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When it comes to K-12 education policy, Hillary Clinton is campaigning on platitudes, and a favorite topic for the presumptive Democratic presidential nominee is teacher compensation. Clinton has proclaimed on several occasions that teacher pay should be raised. The talking point makes her popular with teachers unions, but it’s misleading. Across-the-board base salary pay raises for teachers are not financially feasible for most school districts, nor is the idea considered strategic policy.
Low and stagnant teacher pay is alarming, but simply — and hastily — raising teacher salaries across the board will not solve the problem. Instead, districts should use teacher compensation as a lever to attract, retain, and support a high-performing teaching force, and they need to do this in a financially sustainable way. Base salary increases may be part of the solution, but districts also need to consider other key components of teacher compensation including teacher effectiveness, the speed of salary growth, bonuses and rewards, incentives for hard-to-staff schools and positions, and so on.
The balancing act isn’t easy. The best solution is to use data to make decisions about teacher compensation — a practice most school districts do not employ. As a new Bellwether Education Partners resource called The Learning Landscape explains, the structure of most teacher salary schedules does not align with the evidence of teacher performance. For example, research shows that teachers improve greatly in their first few years of teaching and then their performance levels off, however very few districts use this data to make decisions about teacher compensation to retain top-performing new teachers.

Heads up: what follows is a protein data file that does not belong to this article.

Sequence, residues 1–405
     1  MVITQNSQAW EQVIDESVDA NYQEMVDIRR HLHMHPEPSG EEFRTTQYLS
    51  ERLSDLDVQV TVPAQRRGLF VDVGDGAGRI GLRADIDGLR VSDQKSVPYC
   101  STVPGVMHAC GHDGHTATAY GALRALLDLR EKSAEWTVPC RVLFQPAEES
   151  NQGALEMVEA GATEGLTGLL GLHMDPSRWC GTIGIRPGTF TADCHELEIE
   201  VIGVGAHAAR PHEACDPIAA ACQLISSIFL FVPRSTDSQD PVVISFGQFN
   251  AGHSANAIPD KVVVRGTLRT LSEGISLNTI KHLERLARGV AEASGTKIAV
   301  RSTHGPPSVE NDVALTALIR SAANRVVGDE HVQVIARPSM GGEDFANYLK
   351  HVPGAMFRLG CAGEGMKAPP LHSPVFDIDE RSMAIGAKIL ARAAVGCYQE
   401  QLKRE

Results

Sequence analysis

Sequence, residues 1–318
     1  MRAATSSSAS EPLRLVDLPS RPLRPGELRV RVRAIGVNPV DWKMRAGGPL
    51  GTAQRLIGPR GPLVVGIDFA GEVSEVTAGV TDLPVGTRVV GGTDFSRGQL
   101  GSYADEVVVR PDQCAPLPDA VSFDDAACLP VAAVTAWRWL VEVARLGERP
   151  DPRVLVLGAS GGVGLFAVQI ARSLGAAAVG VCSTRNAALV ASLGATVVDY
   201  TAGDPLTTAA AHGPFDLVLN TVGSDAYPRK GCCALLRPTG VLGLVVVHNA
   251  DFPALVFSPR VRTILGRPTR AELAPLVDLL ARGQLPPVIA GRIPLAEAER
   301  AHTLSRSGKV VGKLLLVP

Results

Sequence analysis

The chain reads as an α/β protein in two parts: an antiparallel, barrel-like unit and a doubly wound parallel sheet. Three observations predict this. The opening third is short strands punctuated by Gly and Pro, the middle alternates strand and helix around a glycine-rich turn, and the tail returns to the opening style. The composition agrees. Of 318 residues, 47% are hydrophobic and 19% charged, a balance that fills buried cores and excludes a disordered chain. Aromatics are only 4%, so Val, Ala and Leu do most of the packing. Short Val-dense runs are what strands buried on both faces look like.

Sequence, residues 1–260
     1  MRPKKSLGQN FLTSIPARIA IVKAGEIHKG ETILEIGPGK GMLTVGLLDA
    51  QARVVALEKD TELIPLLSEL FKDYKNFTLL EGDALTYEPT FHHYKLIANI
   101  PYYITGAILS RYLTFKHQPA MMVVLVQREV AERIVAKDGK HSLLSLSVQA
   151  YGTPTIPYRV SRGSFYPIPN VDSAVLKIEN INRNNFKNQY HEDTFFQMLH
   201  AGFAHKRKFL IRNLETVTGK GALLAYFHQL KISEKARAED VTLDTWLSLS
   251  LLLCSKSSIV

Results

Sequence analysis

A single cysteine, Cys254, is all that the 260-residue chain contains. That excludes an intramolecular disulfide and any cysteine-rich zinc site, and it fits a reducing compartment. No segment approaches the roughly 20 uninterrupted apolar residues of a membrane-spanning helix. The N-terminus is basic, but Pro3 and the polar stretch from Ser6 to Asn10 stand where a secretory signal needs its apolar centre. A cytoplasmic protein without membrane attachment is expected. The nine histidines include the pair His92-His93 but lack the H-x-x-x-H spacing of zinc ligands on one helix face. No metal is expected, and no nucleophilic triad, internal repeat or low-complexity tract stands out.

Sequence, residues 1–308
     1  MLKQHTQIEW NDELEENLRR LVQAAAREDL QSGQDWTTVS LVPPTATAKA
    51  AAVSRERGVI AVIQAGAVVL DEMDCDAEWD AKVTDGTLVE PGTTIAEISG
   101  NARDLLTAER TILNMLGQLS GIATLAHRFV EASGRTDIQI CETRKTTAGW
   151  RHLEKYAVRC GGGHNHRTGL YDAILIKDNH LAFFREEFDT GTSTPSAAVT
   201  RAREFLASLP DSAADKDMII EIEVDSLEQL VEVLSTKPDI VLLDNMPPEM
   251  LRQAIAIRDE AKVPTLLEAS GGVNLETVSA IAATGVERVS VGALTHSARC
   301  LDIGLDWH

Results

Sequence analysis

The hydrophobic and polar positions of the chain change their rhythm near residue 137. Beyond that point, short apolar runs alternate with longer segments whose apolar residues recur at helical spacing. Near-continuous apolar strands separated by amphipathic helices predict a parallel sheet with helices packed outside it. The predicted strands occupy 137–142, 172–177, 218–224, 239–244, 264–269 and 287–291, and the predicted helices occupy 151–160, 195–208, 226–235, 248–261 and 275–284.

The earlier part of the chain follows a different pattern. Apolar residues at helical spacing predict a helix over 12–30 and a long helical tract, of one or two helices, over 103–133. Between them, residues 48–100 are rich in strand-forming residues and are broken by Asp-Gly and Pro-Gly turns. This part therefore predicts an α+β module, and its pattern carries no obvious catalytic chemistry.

As the above charts shows, while teachers on average rapidly grow in their effectiveness in the first five years of teaching, they do not see substantial pay raises until about one decade into their careers. To retain effective new teachers, a district might consider increasing how quickly those teachers receive large pay raises. A district might not have the funds to use this data-driven compensation strategy if it raised all teachers’ salaries.
This is not to mention other data-driven and research-based teacher compensation strategies such as raising teachers’ compensation as they take on leadership roles within their school communities.
Most districts have a long way before they implement these kinds of strategic compensation designs. The vast majority of school districts implement a compensation structure that treats all teachers the same, regardless of performance, skill, or responsibility. In fact, as The Learning Landscape details, in 2012 only 11 percent of districts used pay incentives to reward teachers for excellent performance.
However, if districts follow Hillary Clinton’s suggestion to raise all teachers’ salaries, data-driven teacher compensation strategies of any kind will not be possible in most places. Perhaps Clinton has something more strategic in mind when she talks about teacher pay, but voters will not know if she continues to speak in generalities when it comes to issues of K-12 education.